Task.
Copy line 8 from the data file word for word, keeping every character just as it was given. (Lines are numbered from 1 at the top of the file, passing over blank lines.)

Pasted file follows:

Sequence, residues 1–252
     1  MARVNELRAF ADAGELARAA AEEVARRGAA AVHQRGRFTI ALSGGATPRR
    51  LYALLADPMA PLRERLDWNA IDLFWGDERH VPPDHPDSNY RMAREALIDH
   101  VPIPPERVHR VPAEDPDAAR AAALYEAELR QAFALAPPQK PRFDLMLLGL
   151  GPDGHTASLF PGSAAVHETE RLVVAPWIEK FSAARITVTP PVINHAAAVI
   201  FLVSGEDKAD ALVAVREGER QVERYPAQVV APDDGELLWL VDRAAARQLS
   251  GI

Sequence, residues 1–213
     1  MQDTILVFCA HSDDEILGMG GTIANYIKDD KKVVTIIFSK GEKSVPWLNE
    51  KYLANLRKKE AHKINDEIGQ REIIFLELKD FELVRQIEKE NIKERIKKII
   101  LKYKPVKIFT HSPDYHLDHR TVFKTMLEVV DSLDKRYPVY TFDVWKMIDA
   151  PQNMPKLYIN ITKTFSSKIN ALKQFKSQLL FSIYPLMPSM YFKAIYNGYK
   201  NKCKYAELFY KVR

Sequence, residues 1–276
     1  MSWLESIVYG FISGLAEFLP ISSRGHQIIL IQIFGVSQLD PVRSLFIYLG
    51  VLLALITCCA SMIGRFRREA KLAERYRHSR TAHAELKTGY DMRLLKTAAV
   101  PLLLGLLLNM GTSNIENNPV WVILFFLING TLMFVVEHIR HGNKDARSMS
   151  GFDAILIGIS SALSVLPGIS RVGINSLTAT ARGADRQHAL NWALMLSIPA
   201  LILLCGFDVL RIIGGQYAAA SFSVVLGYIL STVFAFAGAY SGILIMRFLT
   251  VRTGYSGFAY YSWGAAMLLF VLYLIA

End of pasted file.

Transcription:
Sequence, residues 1–213